The Blu-ray and DVD editions of Game Of Thrones The Complete Sixth Season also have three deleted scenes. None of which change anything, mind you — it’s not like one has the camera pulling out to reveal that Westeros is actually part of Westworld — but they are more than just little snippets of cut, inconsequential dialog. That said, I’m glad they excised the last one, “The Play,” which shows a longer version of, well, the play. What was in the episode was quite enough.
While all of those special features are included in both the Blu-ray and DVD versions of Game Of Thrones The Complete Sixth Season, the former also has two extras not included in the latter. The “In-Episode Guide,” which runs concurrent with whatever episode you’re watching, shows relevant pop-up factoids about whatever is happening in that specific scene. Though unlike watching an episode of that show Pop-Up Video, or any show where they insist on interacting live with Twitter, you decide when you’d like to learn something, and when you wouldn’t.
The Game Of Thrones The Complete Sixth Season Blu-ray also has “Histories And Lore,” in which such actors as Nikolaj Coster-Waldau (Jaime Lannister), Sophie Turner (Sansa Stark), and Jonathan Pryce (The High Sparrow) explain, in character, the mythology of Westeros and Essos. Which sure as hell beats looking it up on Wikipedia.
While the extras included on the Game Of Thrones The Complete Sixth Season Blu-ray are good — and the DVD slightly less so — they’re far from what they should be. For starters, the deleted scenes are all lumped together on the last disc, as opposed to in the section for the episode from which it came. There’s also nothing to indicate from which episode they were cut, where in that episode they were excised from, and why they were deleted from the final version.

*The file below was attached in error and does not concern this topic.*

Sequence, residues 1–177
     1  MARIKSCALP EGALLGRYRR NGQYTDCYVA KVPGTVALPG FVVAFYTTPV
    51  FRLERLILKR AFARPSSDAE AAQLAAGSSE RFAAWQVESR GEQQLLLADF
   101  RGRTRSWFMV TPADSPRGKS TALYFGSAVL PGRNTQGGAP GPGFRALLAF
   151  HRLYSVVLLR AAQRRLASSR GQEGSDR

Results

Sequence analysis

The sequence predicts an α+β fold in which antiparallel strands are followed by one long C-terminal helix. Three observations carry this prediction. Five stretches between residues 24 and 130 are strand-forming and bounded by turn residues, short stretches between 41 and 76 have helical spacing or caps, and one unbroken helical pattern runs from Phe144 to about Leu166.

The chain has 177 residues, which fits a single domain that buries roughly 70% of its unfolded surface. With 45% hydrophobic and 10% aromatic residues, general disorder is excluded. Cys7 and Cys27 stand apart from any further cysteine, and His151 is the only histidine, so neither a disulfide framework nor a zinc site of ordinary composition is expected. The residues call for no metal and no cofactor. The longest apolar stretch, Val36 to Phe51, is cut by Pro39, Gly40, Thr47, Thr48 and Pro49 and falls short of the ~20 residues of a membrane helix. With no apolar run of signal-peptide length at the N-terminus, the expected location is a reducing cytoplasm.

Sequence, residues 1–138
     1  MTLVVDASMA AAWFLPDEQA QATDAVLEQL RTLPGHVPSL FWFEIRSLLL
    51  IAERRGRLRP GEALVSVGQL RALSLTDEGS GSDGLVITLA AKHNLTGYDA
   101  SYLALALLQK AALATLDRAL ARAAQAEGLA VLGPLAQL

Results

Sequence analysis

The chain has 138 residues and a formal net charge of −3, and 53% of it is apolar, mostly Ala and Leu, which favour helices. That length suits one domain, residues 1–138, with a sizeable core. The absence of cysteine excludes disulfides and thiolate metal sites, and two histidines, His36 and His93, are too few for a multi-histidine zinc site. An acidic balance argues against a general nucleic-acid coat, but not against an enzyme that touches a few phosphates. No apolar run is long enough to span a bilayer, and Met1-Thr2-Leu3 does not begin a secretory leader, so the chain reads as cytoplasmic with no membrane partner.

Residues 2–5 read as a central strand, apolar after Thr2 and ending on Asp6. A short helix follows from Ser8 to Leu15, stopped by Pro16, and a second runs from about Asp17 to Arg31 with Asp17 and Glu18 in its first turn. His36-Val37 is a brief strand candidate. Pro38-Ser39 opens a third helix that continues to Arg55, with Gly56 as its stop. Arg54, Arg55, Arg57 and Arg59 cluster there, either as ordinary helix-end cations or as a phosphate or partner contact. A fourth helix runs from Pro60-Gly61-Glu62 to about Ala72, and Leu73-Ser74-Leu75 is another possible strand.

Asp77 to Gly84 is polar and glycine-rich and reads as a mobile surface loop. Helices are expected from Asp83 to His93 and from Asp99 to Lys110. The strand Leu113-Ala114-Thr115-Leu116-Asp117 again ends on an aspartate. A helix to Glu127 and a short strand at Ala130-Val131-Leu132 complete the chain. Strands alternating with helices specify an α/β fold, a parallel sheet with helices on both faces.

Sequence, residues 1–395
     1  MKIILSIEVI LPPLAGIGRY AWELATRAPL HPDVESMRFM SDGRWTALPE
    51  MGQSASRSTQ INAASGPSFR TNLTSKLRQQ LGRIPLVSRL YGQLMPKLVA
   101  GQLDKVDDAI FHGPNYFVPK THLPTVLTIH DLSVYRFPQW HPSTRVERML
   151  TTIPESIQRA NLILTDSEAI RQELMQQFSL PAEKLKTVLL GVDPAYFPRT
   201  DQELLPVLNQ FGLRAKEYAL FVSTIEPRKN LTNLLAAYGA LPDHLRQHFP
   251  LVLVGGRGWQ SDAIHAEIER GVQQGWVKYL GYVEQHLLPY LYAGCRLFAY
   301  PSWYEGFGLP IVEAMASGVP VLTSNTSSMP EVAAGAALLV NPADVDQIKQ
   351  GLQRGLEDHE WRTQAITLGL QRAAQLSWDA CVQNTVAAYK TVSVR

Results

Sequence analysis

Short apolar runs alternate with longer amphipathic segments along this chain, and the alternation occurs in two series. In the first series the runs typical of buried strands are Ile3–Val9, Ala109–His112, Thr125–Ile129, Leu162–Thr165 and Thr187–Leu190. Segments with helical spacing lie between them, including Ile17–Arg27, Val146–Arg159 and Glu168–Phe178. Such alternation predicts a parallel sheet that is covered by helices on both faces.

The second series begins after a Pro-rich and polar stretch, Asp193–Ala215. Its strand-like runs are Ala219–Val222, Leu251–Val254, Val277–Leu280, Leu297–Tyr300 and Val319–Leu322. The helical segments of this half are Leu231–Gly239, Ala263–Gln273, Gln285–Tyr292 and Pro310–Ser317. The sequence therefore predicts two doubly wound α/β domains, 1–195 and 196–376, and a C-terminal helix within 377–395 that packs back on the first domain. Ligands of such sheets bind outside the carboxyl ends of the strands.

Similarly, the “Recreating The Dothraki World” featurette is on the second disc, not the last, even though it’s something you shouldn’t watch until you’ve seen all of the episodes.
The Game Of Thrones The Complete Sixth Season also could’ve benefitted from an extra along the lines of “The Fallen: A Roundtable,” a featurette on Game Of Thrones The Complete Fourth Season in which most of the actors whose characters died that season got together to talk about their time on the show…and to pretend they weren’t pissed that their character had been killed off.
But the most annoying thing about the special features on Game Of Thrones The Complete Sixth Season Blu-ray and DVD is that both are missing extras that are included in the Digital HD version: “Bran’s Journey,” a nine-minute featurette on what Bran endured this season; the self-explanatory “Inside Game of Thrones: Prosthetics“; and “The Game Revealed,” which is identified in the press materials as being a, “Five-part series covering the creation of Season 6’s most epic set pieces and scenes.” Though as I don’t have the digital HD version, I can’t comment on their quality.
Though even if they’re dull, though, leaving these extras off the Blu-ray and DVD of Game Of Thrones The Complete Sixth Season is inexcusable and annoying, and not just because the word “Complete” is right there in this collection’s title. It’s also irritating because we all know that at some point there will be a version of Game Of Thrones The Complete Sixth Season or an all-inclusive Game Of Thrones The Complete Series collection that includes these extras.
Despite these shortcomings, thought, Game Of Thrones The Complete Sixth Season Blu-ray and DVD are still the best way to watch these episodes. Sure, the special features could be a bit more special, or at least complete, but if you’re just into this for the show itself, this will do quite nicely…for now.